- You may void the warranty. Most manufacturers do not allow you to root the Android operating system and still get to bring it in for repairs under warranty. Whether they are legally meant to do that or not is another question, but it is now common knowledge that most do not want to help you if they find out you have unlocked the OS with root access.
- Rooting voids the warranty even when using applications such as Triangle Away available from the same developer ChainFire.
- If you already have root access take an NANDroid backup as it is the preferred method of saving the personal data and settings. Most of you will not because you installed the stock firmware; therefore, taking away any previous unchained OS that was there. If you need another way to backup use the device internal storage space or the external MicroSD card options available. Google Drive offers extra space if you need to store additional documents and data because you run out and can’t afford another SD card, try and store the contacts, call logs, videos, SMS texts, music files, MMS messages and everything else you wouldn’t normally want to risk losing.
- We do not predict data loss, but if it does happen then we are not held responsible for your loss. We gave the instructions to assist with backups and there’s no reason why you can’t follow them. You also run the risk of soft-bricking or hard-bricking the device. Although extremely rare, occasionally these cases to rise. We are not liable for any damages caused by following the guide. In most cases bricking was solved already, thanks to some clever work done by developers that post their work on the XDA forum.
- We did not develop this root tool nor did we come up with the guide. We are just redistributing it for you to see. If you want to give a donation to the original developer you can do so by following the link we give to the file.
- Enable USB Debugging Mode. Enabling the mode is done by visiting the Settings followed by Developer Options.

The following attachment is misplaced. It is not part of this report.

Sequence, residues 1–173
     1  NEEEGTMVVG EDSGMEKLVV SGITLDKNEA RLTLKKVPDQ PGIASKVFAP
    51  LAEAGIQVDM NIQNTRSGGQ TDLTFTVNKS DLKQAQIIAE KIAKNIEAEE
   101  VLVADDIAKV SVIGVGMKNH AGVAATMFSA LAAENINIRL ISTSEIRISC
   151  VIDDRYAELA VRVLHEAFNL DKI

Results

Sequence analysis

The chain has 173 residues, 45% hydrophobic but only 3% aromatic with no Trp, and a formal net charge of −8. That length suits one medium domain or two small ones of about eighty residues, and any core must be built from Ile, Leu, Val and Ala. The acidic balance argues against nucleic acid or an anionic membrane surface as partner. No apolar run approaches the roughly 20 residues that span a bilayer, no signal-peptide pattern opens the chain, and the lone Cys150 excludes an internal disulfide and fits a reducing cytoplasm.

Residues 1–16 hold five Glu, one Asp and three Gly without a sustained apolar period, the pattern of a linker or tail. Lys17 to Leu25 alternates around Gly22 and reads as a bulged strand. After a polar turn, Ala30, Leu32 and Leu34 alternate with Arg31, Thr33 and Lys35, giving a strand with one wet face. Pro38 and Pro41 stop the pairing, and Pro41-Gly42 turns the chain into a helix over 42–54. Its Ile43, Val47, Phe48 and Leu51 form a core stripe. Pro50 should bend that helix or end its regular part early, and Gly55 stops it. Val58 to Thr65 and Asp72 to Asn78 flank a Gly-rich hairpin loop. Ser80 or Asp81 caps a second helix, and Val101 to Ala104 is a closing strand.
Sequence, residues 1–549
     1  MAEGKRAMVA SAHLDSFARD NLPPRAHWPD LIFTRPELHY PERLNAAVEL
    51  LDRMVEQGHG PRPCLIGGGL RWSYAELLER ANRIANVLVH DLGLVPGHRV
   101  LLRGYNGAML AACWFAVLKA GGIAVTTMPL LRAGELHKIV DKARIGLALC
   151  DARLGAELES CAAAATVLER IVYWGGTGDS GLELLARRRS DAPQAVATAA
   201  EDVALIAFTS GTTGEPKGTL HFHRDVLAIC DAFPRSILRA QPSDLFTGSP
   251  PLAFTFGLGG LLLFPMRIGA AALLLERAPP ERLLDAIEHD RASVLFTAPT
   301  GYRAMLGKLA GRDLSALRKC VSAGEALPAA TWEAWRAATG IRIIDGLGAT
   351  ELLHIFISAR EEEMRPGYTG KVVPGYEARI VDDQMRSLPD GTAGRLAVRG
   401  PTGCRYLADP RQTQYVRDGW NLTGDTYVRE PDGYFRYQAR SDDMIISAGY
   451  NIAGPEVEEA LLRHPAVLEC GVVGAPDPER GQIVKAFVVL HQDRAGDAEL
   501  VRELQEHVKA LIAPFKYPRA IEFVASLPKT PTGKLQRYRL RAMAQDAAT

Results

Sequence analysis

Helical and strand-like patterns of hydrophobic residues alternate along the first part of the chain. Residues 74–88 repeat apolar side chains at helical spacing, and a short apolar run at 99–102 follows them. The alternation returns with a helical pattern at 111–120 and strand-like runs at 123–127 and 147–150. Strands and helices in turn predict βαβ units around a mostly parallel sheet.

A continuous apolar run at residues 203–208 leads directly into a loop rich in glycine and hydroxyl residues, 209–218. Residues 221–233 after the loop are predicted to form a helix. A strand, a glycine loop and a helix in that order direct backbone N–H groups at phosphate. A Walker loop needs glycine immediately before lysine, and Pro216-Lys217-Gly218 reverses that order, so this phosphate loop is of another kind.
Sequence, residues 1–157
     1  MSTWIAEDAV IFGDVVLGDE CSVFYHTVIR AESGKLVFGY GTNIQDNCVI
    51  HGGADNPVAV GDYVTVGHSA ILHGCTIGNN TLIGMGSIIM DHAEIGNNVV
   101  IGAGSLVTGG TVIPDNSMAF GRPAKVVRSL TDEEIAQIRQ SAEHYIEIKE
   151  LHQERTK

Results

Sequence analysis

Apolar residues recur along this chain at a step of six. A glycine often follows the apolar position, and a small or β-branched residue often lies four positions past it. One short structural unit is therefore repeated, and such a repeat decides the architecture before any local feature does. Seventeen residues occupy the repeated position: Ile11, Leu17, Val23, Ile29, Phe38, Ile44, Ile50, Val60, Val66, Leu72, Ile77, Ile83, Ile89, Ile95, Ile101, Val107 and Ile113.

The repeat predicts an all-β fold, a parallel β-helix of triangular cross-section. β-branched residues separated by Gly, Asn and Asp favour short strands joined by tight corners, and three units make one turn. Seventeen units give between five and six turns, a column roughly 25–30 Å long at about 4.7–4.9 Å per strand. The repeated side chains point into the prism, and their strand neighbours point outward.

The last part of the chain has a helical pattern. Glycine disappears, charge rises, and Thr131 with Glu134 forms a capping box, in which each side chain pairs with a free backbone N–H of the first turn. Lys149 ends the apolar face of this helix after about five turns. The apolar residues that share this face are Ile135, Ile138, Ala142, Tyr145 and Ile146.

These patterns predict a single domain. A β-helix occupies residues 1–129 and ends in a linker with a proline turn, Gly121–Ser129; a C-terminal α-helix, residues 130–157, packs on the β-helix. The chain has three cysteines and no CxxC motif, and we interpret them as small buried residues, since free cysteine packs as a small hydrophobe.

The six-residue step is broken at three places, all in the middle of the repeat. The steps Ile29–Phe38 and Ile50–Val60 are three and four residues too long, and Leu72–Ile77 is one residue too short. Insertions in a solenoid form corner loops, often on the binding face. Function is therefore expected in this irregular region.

- Make sure the correct USB Drivers by Samsung are up to date and pre-installed on the computer for when we make the connection. Those using Samsung Kies can install the drivers that way instead. However, make sure you disable Kies before continuing on with the steps because it can interfere with proceedings.
- We use an app called Odin during the guide. The app is made by Samsung developers so people can use it to perform tasks such as gain root or flashing firmware files. Unfortunately for some people, they only make it for Windows-based operating systems at this point in time. That means if you use Mac OS X or Linux you will need to borrow a friend’s computer or use a different method of unlocking the boot loader and unchaining the OS like we are doing here today.
- You can use Windows XP, Vista, Windows 7 and 8. Soon Windows 9 will be made compatible to when it arrives.
- Furthermore, users will make a connection to the PC for the most part of the guide; therefore, the USB charging feature will take full effect and begin charging the battery once plugged into the computer system unit. That means there’s no point wasting time charging the battery up before you start unless you know the USB charging feature is not working. Have at least 505 battery power if it isn’t working for you.
- After you plug the handset in wait and watch if the battery icon in the status bar starts charging up, That is how to tell if USB charging is working.
- Temporarily disable the security programs such as spyware protection, malware protection and virus protection programs and app. That also applies for the Android-based OS smartphone.
How To Root The Galaxy Note 3 LTE On Android 4.4.2 XXUFNF4 Official Stock Firmware
1. Start with the smartphone turned off.
2. Download the CF-root package here.
– use the desktop for the quickest experience.
– use the C:Drive if you want to keep the file for longer than a day.
3. Extract the contents of the folder and place the files on the desktop.
4. Turn the Note 3 on in Download Mode.
– press Volume Down + Power + Home keys at the same time.
5. Let go after you see the Android logo on the screen.
6 Download Odin and run it so it is working on the desktop.
7. Find the USB cable for the phone.
– try looking at the wire the connects the phone charger if it is lost.
8. Connect the handset to the computer system unit.
– watch as the device is recognized by Windows.
– watch as Odin says “added.”
– watch as the ID: COM port changes color.
9. Click the PA/AP button and upload the CF-root file.
10. Leave the rest of the settings as default
– it will say Auto reboot and F reset Time options are on.
– leave all the other options off.
11. Click the start button when you are ready.
12. Wait until it finishes.
13. It will say ‘pass’ and the ID: COM port will change to a favored color when successful.
14. Close down the Odin app.
15. Visit the system tray and right-click the “safely remove hardware” icon and stop the USB Mass Storage device.